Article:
By Barbara Liston
ORLANDO, Fla (Reuters) - A medical examiner has positively identified the final unknown victims of the grisly Florida highway pileups that claimed 11 lives last weekend, authorities said Friday.
The three victims were traveling in a Dodge pickup truck that slammed into the back of a stopped semi-trailer truck on the smoke and fog-filled Interstate 75 south of Gainesville.
Florida Highway Patrol Sergeant Kim Montes said the pickup was consumed by fire and its license tag melted, hindering the identification of the bodies inside. The truck's metal was so crushed that the body of one occupant wasn't discovered until three days after the devastating crashes.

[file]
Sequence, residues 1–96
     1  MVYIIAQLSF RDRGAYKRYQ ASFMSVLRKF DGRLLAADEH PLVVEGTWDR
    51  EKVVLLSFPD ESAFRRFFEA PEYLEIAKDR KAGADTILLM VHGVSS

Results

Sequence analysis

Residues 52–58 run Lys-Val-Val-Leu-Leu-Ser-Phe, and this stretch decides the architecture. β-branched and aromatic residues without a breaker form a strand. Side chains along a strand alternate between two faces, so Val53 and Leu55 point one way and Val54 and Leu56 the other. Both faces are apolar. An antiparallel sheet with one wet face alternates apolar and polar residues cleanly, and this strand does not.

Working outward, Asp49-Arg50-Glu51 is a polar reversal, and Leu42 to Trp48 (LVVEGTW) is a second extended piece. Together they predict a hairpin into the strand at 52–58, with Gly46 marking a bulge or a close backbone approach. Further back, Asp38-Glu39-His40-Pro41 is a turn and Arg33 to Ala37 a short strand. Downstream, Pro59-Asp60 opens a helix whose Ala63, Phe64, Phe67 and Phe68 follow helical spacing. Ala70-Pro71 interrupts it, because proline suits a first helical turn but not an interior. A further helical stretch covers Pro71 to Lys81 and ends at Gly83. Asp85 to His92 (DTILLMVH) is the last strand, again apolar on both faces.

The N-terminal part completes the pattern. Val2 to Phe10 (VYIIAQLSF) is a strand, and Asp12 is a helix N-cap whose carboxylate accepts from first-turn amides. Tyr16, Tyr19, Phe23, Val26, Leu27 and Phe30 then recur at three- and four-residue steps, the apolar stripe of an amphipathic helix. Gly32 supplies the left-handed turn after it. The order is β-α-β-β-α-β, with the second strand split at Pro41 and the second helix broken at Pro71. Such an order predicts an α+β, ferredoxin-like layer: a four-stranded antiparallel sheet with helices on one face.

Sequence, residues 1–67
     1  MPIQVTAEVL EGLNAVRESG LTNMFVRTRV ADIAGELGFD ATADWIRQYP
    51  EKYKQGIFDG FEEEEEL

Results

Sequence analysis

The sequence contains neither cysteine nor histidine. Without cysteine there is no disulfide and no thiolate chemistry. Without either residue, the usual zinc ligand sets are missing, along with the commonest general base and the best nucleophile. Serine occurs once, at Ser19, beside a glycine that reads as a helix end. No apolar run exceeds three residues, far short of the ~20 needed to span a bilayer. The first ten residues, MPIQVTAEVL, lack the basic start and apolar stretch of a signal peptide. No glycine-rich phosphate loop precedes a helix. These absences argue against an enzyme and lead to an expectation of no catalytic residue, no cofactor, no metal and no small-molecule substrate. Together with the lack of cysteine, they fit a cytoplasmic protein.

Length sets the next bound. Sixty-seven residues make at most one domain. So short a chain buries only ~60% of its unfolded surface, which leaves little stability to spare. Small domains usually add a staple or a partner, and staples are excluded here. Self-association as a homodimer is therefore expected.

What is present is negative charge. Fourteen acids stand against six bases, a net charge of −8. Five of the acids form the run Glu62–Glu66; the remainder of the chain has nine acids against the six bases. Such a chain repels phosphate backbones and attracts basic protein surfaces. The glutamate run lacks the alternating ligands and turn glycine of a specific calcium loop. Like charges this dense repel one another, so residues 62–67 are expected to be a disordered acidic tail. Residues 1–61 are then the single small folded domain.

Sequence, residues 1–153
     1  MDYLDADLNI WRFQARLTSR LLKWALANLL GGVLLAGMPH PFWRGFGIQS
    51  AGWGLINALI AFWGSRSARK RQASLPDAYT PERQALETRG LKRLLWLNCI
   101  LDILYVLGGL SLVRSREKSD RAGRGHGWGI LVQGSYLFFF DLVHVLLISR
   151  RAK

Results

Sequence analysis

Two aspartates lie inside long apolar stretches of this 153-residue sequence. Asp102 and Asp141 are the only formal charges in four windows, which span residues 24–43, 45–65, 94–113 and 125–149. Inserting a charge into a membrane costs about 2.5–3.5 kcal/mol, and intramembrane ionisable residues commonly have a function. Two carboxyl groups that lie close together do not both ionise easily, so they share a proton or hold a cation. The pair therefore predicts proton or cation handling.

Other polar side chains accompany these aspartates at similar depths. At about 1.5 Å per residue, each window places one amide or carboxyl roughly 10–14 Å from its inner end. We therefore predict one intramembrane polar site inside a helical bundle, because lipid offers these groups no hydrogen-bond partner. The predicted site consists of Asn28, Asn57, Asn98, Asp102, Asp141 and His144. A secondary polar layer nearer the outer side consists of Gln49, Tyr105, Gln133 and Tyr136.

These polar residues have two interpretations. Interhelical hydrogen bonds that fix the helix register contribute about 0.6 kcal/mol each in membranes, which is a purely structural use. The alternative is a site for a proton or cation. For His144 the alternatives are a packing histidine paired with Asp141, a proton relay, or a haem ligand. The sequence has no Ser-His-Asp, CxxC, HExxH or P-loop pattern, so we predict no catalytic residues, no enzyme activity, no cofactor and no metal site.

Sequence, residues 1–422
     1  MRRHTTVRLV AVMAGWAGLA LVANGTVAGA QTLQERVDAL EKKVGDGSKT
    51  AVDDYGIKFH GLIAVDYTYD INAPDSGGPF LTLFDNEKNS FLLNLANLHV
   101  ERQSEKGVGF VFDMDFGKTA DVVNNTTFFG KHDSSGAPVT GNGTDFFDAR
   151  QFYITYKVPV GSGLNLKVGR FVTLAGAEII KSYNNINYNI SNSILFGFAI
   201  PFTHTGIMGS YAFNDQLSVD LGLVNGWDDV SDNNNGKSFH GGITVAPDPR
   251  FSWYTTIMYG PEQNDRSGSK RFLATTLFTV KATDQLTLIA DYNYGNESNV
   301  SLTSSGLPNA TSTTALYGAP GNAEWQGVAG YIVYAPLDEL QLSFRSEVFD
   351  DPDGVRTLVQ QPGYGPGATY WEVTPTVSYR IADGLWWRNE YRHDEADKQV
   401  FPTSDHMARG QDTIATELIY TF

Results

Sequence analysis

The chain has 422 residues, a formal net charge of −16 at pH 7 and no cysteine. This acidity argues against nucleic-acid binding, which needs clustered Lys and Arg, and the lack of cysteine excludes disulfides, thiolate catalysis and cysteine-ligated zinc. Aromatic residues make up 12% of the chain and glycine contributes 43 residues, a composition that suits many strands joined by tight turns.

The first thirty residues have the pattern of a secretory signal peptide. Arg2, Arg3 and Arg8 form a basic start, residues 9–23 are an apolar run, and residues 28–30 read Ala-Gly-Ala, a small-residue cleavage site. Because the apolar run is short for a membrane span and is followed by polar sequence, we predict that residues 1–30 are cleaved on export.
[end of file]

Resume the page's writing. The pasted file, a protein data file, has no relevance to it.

Authorities "had a hard time locating any identification that would give them information about their names," Montes told Reuters.
The medical examiner identified the victims as Michael James Hughes, 39, Lori Lynne Brock-Hughes, 46, and Sabryna Dawn Louise Hughes-Gilley, 17, all of Pensacola, according to the Florida Highway Patrol.
An additional 20 people were admitted with injuries to Shands Hospital in Gainesville after the pileups on Sunday, according to the hospital's re-count of the accident victims. Three remained hospitalized as of Friday afternoon.
Florida Governor Rick Scott has ordered a formal investigation of the crashes. They began about 30 minutes after a 14-mile stretch of Interstate 75 was reopened by the Florida Highway Patrol after a combination of fog and smoke from a suspicious marsh fire enveloped the highway and interfered with visibility.
Montes said charges in the pileups are pending following a full homicide investigation, which could take up to 90 days.
(Editing by Colleen Jenkins)